Spain’s producers group into action

Fundacion Procine, the recently formed lobby group composed of Spain’s top 19 producers, announced that its first concrete action will be to demand that a much-needed centralized computer box office system for the 500 biggest theaters in Spain be installed within three months.

Another major move that shows Procine means business is the announcement that the former minister of defense and industry, attorney Alberto Oliart, will be taking over as president of the group as of Dec. 1. Alfredo Matas (Impala Prods. and Cinesa exhibition circuit) has been interim president.

The surprise addition of Oliart to the group is a real coup, and gives it tremendous clout in lobbying with the finance and industry ministries, apart from the clout already carried in the culture ministry by high-powered producers such as Andres Vicente Gomez, Elias Querejeta, Matas, Agustin Almodovar, and the Cartel and Sogetel groups.

The first law concerning box office control was passed in 1964, and has been amplified over the years, but it has never been adhered to by theaters. Without a national computer system for all theaters, linked to a terminal at the Film Institute (ICAA), there is no accurate information on film grosses.

The ICAA has already agreed to finance the installment of computer systems in 100 theaters, and Procine says it plans to work closely with exhibitors and the government to see that the other 400 are installed.

Nonetheless, just a few weeks after the formation of Procine, its strategy is emerging, and that strategy, according to Andres Vicente Gomez, is “action, not talk, based on cooperation and collaboration with all sectors of the industry.”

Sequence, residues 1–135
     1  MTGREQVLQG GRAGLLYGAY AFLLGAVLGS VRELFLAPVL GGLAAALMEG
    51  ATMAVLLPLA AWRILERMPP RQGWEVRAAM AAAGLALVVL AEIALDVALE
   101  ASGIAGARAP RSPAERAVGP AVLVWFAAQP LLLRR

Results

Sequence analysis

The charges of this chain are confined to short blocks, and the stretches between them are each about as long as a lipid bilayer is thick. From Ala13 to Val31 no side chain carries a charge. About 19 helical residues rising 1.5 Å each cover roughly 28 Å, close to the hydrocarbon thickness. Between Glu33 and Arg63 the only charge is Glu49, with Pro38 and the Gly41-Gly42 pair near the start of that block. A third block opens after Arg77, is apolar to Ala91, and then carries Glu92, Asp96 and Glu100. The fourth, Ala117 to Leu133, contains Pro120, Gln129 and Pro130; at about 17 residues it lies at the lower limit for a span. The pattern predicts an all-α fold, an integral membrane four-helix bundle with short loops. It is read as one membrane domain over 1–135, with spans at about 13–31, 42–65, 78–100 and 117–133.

Tired of waiting for the government to act on film industry demands, Procine has established its own lobbying committees, and has held meetings with the finance ministry to discuss tax problems and incentives for private investment.

Gomez said, “The government has stated many of our same objectives, but they have not acted on them, for whatever reason. Our goal is to help them act.”

Procine’s next move is a meeting this week with the Motion Picture Export Assn. of America. One of the major concerns of the Spanish industry is the fact that domestic films account for only 10% of all films exhibited in Spain now, vs. 73% exhibited by the majors. This is a huge drop from 1980, when Spanish pix held 20.18% of the market.

Although many associations have been formed in the past to fight for improvements in the film industry, none has ever grouped together the industry’s biggest names, as Procine has. Nor have any group’s members moved so swiftly to take action, or invested their own money ($ 50,000 each) to work for their goals.

Procine’s immediate plans include finding ways to improve the advance subsidy policy of the culture ministry and making deals with public and commercial TV networks for co-production support.

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